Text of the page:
I say, I say boy, I actually had aFoghorn Leghorn/ Egg Head moment.


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My theory is that in larger smoothbore barrels, the air pressure from the rear of the round can actually spin the FS backwards until it leaves the barrel and the air pressure of it going forward thru air causes it to spin in the correct direction. The tighter rifled barrels help prevent this causing the round to come out stabilized rather than having to reverse it's spin which is why smoothbores take about 20' to stabilize. I have not done any testing, but in the slow motion video, the air is being blown across the tip of the round, not from the fin end. First Strike tube test 2 - YouTube
That is a cool theory. I noticed when I poured the powder in on the second test I heard a noticeable spin, similar to the zip sound one hears when placing a razor blade between an HE round and the fuse. I suspect I heard the zip because the powder brought down the decibel level. It was wayyy quiet. This video proves one point, regardless of point of exit, wind will cause spin.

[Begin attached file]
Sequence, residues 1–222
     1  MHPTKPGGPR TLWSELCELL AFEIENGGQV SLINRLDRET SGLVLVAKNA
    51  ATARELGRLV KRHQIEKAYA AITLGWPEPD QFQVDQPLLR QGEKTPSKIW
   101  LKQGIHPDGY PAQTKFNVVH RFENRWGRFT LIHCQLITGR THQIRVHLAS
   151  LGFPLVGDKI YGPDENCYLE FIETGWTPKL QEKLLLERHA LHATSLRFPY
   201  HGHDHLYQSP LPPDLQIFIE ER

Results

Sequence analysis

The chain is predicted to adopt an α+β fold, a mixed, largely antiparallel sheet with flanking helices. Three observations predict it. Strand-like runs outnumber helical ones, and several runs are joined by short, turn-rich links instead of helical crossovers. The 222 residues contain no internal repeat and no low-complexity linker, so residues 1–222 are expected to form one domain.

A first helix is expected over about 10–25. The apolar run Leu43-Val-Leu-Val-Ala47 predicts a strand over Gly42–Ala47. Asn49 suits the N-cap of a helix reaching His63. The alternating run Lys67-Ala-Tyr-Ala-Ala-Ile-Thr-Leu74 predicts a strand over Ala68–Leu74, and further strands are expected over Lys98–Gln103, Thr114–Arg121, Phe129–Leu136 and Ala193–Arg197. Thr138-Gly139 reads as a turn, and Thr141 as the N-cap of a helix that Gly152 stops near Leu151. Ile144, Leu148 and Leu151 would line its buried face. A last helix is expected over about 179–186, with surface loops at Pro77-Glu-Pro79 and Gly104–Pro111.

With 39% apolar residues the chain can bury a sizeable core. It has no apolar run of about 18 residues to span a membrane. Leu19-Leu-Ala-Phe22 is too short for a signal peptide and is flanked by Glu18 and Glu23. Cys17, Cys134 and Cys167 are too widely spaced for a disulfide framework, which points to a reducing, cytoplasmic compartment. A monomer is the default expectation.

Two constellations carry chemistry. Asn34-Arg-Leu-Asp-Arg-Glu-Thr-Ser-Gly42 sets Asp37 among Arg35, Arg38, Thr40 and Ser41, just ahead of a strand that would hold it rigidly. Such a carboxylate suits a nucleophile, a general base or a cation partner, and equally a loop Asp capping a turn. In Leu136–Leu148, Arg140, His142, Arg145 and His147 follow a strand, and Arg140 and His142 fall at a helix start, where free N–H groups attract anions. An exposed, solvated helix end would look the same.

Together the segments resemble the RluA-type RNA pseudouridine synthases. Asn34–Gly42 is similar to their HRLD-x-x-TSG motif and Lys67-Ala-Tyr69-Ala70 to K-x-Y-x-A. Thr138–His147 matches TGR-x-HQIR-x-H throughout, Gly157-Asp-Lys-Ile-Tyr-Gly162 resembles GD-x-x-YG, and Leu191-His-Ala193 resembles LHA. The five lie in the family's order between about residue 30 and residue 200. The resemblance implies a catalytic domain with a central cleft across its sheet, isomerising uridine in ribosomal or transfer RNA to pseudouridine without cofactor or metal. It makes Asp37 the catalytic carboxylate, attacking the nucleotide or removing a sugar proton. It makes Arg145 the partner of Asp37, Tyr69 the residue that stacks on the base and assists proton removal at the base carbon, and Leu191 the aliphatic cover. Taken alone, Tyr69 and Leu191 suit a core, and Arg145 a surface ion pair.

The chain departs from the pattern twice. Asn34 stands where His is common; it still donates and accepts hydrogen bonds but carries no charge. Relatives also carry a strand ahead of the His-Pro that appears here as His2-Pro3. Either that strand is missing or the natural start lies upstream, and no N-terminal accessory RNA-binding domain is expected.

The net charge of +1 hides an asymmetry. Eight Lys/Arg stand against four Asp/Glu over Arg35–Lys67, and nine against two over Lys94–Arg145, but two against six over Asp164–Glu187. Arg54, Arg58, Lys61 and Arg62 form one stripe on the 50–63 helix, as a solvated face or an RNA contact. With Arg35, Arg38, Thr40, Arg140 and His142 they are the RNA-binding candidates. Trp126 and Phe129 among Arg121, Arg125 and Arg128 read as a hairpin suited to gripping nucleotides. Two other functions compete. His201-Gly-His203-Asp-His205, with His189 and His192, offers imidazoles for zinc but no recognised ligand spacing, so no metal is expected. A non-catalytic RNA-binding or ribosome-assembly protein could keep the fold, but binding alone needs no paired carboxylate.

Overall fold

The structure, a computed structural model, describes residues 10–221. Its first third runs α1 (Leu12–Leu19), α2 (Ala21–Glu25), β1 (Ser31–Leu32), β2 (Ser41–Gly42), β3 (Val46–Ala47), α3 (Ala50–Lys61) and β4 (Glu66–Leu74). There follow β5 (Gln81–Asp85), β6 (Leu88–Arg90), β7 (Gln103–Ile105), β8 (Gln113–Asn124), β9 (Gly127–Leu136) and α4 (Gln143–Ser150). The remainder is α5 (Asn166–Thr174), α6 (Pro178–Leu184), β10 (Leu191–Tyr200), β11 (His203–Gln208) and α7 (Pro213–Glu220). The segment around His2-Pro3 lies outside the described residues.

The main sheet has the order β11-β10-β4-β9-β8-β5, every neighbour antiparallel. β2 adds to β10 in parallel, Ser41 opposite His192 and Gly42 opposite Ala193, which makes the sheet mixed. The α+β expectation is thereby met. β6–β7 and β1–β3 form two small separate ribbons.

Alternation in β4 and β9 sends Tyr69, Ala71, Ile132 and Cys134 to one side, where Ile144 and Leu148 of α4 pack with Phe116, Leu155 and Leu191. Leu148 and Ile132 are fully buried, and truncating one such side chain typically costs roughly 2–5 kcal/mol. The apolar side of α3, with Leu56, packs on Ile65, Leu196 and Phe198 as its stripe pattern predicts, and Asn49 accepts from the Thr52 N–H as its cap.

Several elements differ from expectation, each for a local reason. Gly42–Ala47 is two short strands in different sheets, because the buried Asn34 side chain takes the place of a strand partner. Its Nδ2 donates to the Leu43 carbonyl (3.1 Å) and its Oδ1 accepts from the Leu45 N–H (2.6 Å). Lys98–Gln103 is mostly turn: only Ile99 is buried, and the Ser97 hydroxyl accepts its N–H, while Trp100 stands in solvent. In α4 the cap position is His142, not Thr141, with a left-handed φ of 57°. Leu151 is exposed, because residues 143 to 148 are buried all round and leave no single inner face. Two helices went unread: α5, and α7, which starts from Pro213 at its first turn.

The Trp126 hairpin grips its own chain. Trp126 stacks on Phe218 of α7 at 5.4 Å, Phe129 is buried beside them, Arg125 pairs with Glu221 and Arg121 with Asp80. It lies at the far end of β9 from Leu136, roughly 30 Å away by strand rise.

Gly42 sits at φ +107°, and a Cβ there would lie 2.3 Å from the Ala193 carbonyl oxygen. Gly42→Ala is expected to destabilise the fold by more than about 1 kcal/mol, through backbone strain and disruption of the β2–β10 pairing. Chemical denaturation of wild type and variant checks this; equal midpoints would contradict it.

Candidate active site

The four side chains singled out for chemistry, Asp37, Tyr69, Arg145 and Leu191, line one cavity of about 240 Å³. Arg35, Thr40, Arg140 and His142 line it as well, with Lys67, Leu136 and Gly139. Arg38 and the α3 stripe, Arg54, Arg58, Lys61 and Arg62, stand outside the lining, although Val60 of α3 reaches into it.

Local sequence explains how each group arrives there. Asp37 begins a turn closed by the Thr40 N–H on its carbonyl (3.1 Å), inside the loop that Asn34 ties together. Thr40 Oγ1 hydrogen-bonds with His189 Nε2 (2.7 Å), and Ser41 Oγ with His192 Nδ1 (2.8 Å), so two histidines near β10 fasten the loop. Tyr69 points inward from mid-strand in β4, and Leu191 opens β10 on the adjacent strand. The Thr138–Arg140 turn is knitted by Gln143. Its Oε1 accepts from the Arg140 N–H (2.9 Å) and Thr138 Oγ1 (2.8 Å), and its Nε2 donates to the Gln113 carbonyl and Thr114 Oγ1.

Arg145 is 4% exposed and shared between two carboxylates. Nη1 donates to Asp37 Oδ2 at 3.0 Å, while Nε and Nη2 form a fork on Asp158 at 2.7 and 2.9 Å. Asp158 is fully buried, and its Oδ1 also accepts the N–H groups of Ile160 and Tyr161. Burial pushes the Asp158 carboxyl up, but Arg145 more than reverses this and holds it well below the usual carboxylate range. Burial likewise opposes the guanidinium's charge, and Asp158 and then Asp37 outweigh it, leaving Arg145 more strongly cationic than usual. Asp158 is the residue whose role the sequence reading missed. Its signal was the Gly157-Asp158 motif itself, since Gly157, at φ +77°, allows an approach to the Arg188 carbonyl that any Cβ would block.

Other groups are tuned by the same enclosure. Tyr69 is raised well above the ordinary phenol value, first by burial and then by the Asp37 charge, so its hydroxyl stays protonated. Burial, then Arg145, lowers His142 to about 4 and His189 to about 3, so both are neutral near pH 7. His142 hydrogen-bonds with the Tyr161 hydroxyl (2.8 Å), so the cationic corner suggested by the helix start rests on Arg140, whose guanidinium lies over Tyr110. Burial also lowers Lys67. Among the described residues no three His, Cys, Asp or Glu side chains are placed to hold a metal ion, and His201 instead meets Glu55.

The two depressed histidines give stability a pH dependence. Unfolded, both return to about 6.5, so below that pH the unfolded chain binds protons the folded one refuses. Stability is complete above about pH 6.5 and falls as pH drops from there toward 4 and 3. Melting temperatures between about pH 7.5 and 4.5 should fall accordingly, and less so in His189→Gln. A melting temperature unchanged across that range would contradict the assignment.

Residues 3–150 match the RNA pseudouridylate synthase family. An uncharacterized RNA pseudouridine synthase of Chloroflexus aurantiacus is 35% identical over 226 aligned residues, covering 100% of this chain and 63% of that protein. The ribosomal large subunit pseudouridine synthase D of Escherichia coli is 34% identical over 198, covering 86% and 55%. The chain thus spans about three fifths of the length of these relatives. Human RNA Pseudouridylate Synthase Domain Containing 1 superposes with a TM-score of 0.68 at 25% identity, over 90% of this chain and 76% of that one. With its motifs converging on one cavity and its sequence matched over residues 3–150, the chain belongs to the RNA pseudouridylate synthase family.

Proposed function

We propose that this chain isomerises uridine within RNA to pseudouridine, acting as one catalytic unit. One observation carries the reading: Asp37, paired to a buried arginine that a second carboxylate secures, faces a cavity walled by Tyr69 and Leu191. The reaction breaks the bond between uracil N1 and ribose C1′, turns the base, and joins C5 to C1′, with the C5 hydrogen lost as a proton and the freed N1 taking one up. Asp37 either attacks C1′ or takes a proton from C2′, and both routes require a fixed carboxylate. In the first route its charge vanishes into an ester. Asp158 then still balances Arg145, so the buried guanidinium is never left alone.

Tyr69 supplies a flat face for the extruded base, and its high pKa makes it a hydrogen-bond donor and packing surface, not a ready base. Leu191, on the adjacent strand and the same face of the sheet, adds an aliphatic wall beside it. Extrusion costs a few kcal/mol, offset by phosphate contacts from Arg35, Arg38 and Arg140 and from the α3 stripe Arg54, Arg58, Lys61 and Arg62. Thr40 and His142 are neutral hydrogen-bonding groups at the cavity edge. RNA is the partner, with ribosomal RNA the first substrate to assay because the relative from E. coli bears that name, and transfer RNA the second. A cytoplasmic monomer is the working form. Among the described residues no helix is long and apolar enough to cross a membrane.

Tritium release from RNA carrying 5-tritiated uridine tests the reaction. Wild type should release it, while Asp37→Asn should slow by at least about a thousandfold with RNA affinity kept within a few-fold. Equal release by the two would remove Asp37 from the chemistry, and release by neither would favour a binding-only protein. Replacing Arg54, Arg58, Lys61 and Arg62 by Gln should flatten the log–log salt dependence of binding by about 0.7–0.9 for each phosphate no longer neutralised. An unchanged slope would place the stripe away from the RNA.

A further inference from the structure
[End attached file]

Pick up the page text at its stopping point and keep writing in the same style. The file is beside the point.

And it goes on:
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Originally Posted by Chicago View Post
Really enjoyed this discussion. DSA attempts are valiant. I wondered if any one has flourescent liquid and a black light. dip the First strike in the liquid (just the fins), fire the round quickly, use the light, and then quickly rinse the barrel. IMO over bore the FS is better than underboring!
Yes very cool indeed, tell me do you think wax might yield the same results? You got me thinking, time for another ghetto test....

Parameters:

SR-1

68.5 Shell

FSR

Wax Paper

Soft melted candle wax

Test, pour candle wax on wax paper. Allow to dry softly. Roll FSR over warm surface.